(Apologies if the answers to the following questions seem obvious, but I am not an expert, so thought I'd ask.)

The larger question can be broken down, but I don't believe the subquestions are worthy of separate SE questions, so here goes:

1. True or false: when one puts any Android device in airplane mode, one disables all signal transmission from the device.

I believe the answer to this is true, but would be interested to know of, e.g. (in descending order of interest),

  • the extent to which this statement is not true for all Androids OOTB. E.g., are there specific makes/models for which this statement is not true?
  • the extent to which one or more Android devices can have airplane mode turned off by an external signal. Example scenario which comes to (my paranoid :-) mind:
    • could a private anti-theft service, presumably with matching app, ping a device such its app takes the device out of airplane mode to respond?
    • do any governments require devices purchased in their jurisdiction require to respond to some external signal?

2. True or false: any Android device which cannot transmit signals cannot be geotracked.

Again, I suspect this to be true, but would be interested to know about non-trivial ways in which it might be false. An example of a non-trivial defeat would be a device that has a factory-installed passive RFID tag. An example of a trivial defeat would be for a user to attach a GPS beacon to her/his device.

If both of those are true, then one cannot (trivially) geotrack the location of an Android device in airplane mode ... unless I'm missing something ...

1 Answer 1


Answer to both is: "Depends".

Airplane mode

What is that nowadays, where air planes allow you to use WiFi and Bluetooth? Don't say this is an unrelated question in this context. Not only does the term originate there, but it can be as variable as how each airline deals with it:

$ adb shell settings get global airplane_mode_radios
$ adb shell settings put global airplane_mode_radios "cell,nfc,wimax"
$ adb shell settings get global airplane_mode_radios

What's that? The first is what you probably expected: all kind of signals are toggled by airplane mode (line 2). But it can be changed (line 3), and then looks very different (line 5). I've e.g. excluded WiFi on some of my devices. Different manufacturers/ROMs might have different presets. So there can't be a general answer unless you define "airplane mode". And of course there are apps that can automatically toggle all that (at least on rooted devices) – your "anti-theft" guess is a very good example for that. A paranoid person could even use e.g. to configure a "watchdog": "Whenever my device leaves a configured geofence, automatically report its location to my server in 30s intervals. If needed, enable WiFi or mobile data for that." Might be complex, but doable. On non-rooted devices, that's limited though – not at last by:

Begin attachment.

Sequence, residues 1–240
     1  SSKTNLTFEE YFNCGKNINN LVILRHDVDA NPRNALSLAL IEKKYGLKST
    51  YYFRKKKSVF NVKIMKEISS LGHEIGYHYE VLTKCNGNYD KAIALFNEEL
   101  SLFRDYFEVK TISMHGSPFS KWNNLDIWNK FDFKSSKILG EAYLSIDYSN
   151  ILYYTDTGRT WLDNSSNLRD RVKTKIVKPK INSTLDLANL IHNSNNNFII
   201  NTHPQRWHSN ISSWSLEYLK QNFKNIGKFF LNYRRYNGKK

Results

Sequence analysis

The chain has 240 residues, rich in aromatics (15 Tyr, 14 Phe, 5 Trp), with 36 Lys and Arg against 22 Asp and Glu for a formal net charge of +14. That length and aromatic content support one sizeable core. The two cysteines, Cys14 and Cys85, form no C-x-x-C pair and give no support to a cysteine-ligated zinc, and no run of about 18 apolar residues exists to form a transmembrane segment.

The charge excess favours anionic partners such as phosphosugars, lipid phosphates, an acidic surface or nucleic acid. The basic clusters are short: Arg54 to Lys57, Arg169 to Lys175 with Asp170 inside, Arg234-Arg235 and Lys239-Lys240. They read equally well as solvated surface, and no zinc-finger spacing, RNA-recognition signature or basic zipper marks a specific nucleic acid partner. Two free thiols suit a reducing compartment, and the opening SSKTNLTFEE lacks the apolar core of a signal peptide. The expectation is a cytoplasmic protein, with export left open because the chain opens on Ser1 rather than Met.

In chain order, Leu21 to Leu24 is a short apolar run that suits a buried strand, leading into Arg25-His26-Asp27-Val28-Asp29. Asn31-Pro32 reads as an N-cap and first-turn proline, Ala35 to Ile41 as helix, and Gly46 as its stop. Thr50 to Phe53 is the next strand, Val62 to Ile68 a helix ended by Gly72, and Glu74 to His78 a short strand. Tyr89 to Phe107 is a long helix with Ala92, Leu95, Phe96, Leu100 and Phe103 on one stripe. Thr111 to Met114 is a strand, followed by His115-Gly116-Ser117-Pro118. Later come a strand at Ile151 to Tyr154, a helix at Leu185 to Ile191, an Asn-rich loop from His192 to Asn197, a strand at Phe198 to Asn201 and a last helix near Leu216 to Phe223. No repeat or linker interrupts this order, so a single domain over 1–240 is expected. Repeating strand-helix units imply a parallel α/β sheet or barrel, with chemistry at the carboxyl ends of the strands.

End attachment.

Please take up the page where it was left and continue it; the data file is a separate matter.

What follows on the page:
$ adb shell settings get global airplane_mode_toggleable_radios

Again only an example, which might not be valid for each and every device (concerning line 2). You might already have guessed it:

adb shell settings put global airplane_mode_toggleable_radios "bluetooth,wifi,nfc,wimax,cell"

And with that, everything can be toggled again. According to a test performed by Prahlad Yeri, this even works on non-rooted devices. Settings applied this way survive a reboot (but of course not a ).

Any Android device which cannot transmit signals cannot be geotracked

Without some paranoia, I'd give a "yes" to that – though to be exact, the condition is hard to meet: as soon as it's powered up, it will emmit some "signature" which one could track – but that would need quite expensive equipment, and the range would be quite limited :)

If in this context you speak of an "attached GPS beacon": well, you could track a cake that way, or a cat, your cigarette box, or a brick for that – it no longer has anything to do with the device itself. Almost everything can be "bugged".

  • @izzy: 'you speak of an "attached GPS beacon": well, you could track a cake that way' ... which is why I referred to that as a 'trivial defeat' while asking for 'non-trivial' ones.
    – TomRoche
    Jul 16, 2016 at 4:02
  • @TomRoche I must pass in that case. Not due to lack of phantasy – but due to lack of what's done in reality. Which is why I wrote "without some paranoia". Many things are technically possible – but that doesn't make them feasible. Though I'm willing to believe that some of our current "surveillance states" would like measures to be implemented by-default, it's doubtful they can really force this for "mass production" (especially in countries they cannot control – like the US for Chinese/Korean devices). And manipulating all devices on import is … paranoia? ;)
    – Izzy
    Jul 16, 2016 at 11:01
  • @Izzy - Thanks for the info! I recently ended up ALMOST hard-bricking my Xiaomi MiPad by a wrong-click on the SuperSU app, so I want to understand the Android world more first before I try to root this device. However, I've found that MediaTek devices are pretty easy to root without any danger of hard-bricking. Jul 16, 2016 at 11:02
  • @PrahladYeri as you have a non-rooted device (obviously), why not try the above and report back? I'd update my answer then accordingly, and we could cleanup corresponding comments.
    – Izzy
    Jul 16, 2016 at 11:04
  • 1
    @Izzy Yes, I can confirm that setting the airplane_mode_radios works from a non-rooted phone too (tested on the MiPad running KiKat) and even survives the reboot! Jul 16, 2016 at 11:11

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